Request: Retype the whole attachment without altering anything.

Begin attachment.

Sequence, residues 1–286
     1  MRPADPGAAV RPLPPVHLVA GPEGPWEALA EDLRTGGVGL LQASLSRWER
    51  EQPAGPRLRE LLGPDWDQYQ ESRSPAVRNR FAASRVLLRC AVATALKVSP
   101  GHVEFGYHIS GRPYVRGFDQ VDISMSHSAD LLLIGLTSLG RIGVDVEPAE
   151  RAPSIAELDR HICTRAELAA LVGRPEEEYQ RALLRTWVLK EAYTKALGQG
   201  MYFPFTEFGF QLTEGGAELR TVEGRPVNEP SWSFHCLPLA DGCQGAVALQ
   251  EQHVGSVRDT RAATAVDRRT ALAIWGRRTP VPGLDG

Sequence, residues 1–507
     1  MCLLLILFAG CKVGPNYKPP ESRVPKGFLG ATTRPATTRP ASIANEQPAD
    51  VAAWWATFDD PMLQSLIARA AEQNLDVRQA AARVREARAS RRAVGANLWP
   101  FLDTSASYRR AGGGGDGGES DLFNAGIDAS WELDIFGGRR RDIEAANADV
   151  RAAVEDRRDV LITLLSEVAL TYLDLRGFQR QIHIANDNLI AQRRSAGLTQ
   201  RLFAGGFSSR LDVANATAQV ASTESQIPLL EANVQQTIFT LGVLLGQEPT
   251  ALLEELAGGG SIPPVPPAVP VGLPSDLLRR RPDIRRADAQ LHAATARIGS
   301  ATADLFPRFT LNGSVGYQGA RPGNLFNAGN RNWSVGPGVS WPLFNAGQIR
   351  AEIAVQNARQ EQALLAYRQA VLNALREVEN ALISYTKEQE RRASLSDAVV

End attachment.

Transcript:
Sequence, residues 1–286
     1  MRPADPGAAV RPLPPVHLVA GPEGPWEALA EDLRTGGVGL LQASLSRWER
    51  EQPAGPRLRE LLGPDWDQYQ ESRSPAVRNR FAASRVLLRC AVATALKVSP
   101  GHVEFGYHIS GRPYVRGFDQ VDISMSHSAD LLLIGLTSLG RIGVDVEPAE
   151  RAPSIAELDR HICTRAELAA LVGRPEEEYQ RALLRTWVLK EAYTKALGQG
   201  MYFPFTEFGF QLTEGGAELR TVEGRPVNEP SWSFHCLPLA DGCQGAVALQ
   251  EQHVGSVRDT RAATAVDRRT ALAIWGRRTP VPGLDG

Sequence, residues 1–507
     1  MCLLLILFAG CKVGPNYKPP ESRVPKGFLG ATTRPATTRP ASIANEQPAD
    51  VAAWWATFDD PMLQSLIARA AEQNLDVRQA AARVREARAS RRAVGANLWP
   101  FLDTSASYRR AGGGGDGGES DLFNAGIDAS WELDIFGGRR RDIEAANADV
   151  RAAVEDRRDV LITLLSEVAL TYLDLRGFQR QIHIANDNLI AQRRSAGLTQ
   201  RLFAGGFSSR LDVANATAQV ASTESQIPLL EANVQQTIFT LGVLLGQEPT
   251  ALLEELAGGG SIPPVPPAVP VGLPSDLLRR RPDIRRADAQ LHAATARIGS
   301  ATADLFPRFT LNGSVGYQGA RPGNLFNAGN RNWSVGPGVS WPLFNAGQIR
   351  AEIAVQNARQ EQALLAYRQA VLNALREVEN ALISYTKEQE RRASLSDAVV